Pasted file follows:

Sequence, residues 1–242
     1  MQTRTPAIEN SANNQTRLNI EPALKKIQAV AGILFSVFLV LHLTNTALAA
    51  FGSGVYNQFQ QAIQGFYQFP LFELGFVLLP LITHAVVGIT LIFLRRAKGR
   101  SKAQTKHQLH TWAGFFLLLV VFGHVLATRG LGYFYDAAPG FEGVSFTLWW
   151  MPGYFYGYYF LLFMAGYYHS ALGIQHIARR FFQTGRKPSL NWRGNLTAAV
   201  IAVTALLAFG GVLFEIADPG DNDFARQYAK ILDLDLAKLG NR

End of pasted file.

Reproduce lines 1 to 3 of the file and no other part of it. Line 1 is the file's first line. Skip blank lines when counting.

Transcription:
Sequence, residues 1–242
     1  MQTRTPAIEN SANNQTRLNI EPALKKIQAV AGILFSVFLV LHLTNTALAA
    51  FGSGVYNQFQ QAIQGFYQFP LFELGFVLLP LITHAVVGIT LIFLRRAKGR